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Wonder Woman Lands At Rostock Airport

    Rostock-Laage – a civilian airport closely safeguarded by the German Air Force or for the uninitiated- Luftwaffe, next door, has to date been kind of hidden in all the rip and roar of newly developed gateways in Berlin and other points east in Germany.
    But recently two things have happened to make RLG or ETNL a lot better known and further recognized for great geographical position and ultra low costs as compared to others.
    Air Force One landed here earlier this year during the Big Eight Summit in Heiligendamm – and Maria A. Muller has taken the driver’s seat as the first ever lady in the Position of Managing Director of an airport in Germany.
    Mrs. Muller who is also a pilot – was awarded “Woman of the Year in FlyingTypers for 2006 as a result of her outstanding contribution as director of marketing at Frankfurt Hahn.
    With her credentials and cache garnered over some years at both Frankfurt and building up business for the Hahn she probably could have sat tight and continued along with a familiar and highly public role.
    But Maria is not about rolling over when challenged.
    She is both a soft touch for helping the industry she loves and her friends and also a tough and determined competitor.
    So when the opportunity to make some kind of history landed one day a few months ago on her desk, she accepted it because she feels it is a unique challenge to turn a sleepy, but well-equipped airport into a “loud and busy one.”
    The slogan she created “Let’s Get Loud in Meck-Pomm” is typical for her.
    Down to earth, customer-oriented and believing in “making visits to get results,” are just some of the attributes of this remarkable woman.
    “Meck-Pomm,” for those keeping score of these things is simply a handy abbreviation of the name of the German State in which the airport resides in a part of Germany, folks fondly have nicknamed “the summer bathing tub” of the country.
    Maria brings both attention and a wealth of hands on knowledge to this well-equipped underutilized gateway with endless runways and plenty of room to build and grow just near Berlin.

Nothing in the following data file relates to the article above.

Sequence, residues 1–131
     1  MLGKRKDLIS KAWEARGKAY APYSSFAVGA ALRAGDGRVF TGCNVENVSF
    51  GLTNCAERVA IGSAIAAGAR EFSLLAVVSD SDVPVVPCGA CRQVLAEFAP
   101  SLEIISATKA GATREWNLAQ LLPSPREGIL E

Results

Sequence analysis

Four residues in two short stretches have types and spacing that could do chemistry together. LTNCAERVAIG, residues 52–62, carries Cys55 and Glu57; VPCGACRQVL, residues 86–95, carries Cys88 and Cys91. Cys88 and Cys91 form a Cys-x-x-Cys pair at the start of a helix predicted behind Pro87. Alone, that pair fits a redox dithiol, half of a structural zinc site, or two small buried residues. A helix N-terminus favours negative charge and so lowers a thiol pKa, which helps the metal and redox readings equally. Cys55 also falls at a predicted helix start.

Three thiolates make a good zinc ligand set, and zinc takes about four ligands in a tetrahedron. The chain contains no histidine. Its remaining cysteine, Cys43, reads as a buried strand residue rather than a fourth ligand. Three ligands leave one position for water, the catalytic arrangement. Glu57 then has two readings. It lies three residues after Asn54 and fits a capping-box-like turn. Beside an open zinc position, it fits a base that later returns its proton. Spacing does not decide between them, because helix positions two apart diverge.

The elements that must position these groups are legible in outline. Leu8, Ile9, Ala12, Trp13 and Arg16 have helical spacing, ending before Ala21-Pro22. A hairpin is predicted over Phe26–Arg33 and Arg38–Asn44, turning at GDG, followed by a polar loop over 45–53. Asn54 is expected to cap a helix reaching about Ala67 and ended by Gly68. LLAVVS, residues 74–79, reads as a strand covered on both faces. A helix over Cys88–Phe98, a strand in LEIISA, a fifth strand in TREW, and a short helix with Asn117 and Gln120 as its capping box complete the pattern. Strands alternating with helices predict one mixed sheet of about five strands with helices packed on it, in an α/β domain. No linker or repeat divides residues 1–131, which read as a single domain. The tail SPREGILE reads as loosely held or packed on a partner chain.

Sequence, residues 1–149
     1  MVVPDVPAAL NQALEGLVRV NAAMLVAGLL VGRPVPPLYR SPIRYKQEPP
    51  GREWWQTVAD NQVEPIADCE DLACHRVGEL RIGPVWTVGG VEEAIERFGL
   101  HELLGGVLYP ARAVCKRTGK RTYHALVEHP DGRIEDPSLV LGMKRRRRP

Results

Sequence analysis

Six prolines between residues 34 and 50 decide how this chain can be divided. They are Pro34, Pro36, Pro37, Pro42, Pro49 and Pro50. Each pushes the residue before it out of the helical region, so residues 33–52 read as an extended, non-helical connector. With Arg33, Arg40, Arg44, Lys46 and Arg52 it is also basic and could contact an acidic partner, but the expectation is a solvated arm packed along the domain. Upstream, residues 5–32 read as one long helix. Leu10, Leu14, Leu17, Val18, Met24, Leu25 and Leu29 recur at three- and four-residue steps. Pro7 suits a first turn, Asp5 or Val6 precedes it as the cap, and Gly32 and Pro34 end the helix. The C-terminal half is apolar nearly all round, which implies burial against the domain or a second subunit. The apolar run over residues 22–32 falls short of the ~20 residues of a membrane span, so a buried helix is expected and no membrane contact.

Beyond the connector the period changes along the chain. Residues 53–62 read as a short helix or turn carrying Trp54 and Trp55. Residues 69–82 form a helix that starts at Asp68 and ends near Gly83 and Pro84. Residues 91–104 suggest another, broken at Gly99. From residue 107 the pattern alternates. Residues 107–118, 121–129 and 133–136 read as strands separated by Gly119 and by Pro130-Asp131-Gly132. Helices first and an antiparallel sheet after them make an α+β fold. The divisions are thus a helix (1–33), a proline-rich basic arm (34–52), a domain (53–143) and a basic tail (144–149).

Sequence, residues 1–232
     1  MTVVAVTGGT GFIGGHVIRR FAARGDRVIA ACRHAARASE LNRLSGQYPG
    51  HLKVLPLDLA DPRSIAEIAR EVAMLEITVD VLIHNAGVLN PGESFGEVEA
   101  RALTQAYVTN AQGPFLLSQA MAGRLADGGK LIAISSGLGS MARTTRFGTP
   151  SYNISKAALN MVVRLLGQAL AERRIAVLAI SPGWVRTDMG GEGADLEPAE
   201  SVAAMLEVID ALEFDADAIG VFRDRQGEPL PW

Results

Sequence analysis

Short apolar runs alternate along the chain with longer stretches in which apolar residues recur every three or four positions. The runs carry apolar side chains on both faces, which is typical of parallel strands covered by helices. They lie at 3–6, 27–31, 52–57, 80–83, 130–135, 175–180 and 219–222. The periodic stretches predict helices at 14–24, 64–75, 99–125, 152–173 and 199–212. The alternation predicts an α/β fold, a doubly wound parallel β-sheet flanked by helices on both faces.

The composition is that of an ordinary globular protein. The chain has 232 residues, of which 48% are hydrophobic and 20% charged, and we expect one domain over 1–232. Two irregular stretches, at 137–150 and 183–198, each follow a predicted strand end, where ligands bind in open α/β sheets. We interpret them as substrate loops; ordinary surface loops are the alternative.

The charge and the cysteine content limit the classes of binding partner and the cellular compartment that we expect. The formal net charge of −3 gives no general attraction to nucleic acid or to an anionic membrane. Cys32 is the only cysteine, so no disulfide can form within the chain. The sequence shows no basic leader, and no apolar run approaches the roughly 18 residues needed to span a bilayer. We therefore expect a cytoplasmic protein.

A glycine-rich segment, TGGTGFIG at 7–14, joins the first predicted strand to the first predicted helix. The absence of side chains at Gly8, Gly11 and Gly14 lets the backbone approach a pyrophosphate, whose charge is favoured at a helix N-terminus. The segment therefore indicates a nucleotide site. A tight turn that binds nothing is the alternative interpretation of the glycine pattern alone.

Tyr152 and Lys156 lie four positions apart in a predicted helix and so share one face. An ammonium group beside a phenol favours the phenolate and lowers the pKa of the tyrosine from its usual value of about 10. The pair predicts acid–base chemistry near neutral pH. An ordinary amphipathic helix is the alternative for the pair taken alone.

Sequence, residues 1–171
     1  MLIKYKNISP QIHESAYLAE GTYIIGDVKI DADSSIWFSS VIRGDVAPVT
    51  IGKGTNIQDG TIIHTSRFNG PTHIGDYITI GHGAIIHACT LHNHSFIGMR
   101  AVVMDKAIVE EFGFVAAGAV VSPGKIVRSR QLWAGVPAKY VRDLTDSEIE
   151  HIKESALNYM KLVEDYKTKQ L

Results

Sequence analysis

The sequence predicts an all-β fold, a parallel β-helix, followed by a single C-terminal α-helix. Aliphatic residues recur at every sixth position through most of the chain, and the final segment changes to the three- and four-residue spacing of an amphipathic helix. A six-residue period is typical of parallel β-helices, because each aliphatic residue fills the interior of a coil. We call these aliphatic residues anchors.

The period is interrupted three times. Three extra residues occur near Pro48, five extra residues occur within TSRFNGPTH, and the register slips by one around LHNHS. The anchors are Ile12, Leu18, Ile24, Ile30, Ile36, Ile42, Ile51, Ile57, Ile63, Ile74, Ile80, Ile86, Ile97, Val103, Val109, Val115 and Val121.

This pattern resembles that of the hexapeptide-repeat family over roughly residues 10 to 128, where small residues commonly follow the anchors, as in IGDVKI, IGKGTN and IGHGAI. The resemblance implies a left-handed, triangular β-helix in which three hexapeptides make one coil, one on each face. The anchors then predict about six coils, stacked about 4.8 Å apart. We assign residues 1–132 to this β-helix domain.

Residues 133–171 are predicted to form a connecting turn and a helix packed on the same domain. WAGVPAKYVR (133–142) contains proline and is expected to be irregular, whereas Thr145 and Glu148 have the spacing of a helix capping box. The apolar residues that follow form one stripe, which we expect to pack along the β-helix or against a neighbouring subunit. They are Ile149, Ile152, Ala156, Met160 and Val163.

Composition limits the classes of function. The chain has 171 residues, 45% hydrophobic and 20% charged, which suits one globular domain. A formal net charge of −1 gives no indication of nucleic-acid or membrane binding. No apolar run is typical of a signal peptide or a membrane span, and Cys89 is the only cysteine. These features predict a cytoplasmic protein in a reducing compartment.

Maria knows the global cargo charter market – and knows the right people. Few airport executives of either persuasion can match her inside knowledge of the low cost segment i.e. Ryanair or Mrs. Muller’s creative flair.     As you read this, bet is that Maria, presentation in hand is out on the road to tomorrow somewhere touting a passenger terminal with ample space for airplanes and crowds – and a 2000 m _ cargo warehouse awaiting boxes, pallets, crates, and containers and action galore.
    “We have just begun,” Maria says.
    “In an age where costs and service are major drivers, Rostock-Laage is ready to deliver in every way.
    “That’s something to get loud about!”
Guenter Mosler/Geoffrey

If You Knew Beti Sue

   The first woman who comes to mind when someone says "women in air cargo" is Beti Ward of Pacific Air Cargo.
   Ms. Ward started in the Air Cargo business in the early 1980's when freight forwarders were the best thing going in the shipping industry. Trucking was too slow for our fast moving world.
   Beti started with a small forwarding franchise called "Dynamic Air Freight" which evolved into ABR Express with an office at the Phoenix airport cargo area. With Diamonds Department Stores (now Dillards) and APS as some of her biggest customers she shipped clothing nationwide and ran trucks full of freight out to Wintersburg, AZ where the Palo Verde Nuclear Generating Station was being built.
   From there, freight forwarding was just not enough for her, she began running a business that flew a 747Freighter into Hawaii with flowers and other commodities. This was the beginning of American International Cargo which involved the services of Kalitta Air (a Connie Kalitta Corporation). When Kalitta Air sold out to Kitty Hawk, Beti took some time and moved into semi-retirement.
   This did not last long for Ms. Ward when just a short time later she opened her very own air cargo airline, Pacific Air Cargo, in 2000. The comment was made at that time "Take Beti Ward and add water... what do you get? An airline!"
   Ms. Ward is now the CEO of Pacific Air Cargo (PAC) which provides express air cargo service between Los Angeles and Honolulu using Boeing 747 freighters under contract. PAC is supported by a majority of freight forwarders, integrators, and airlines, both domestic, and international.
   Beti's company shipped over 80 million pounds of cargo last year.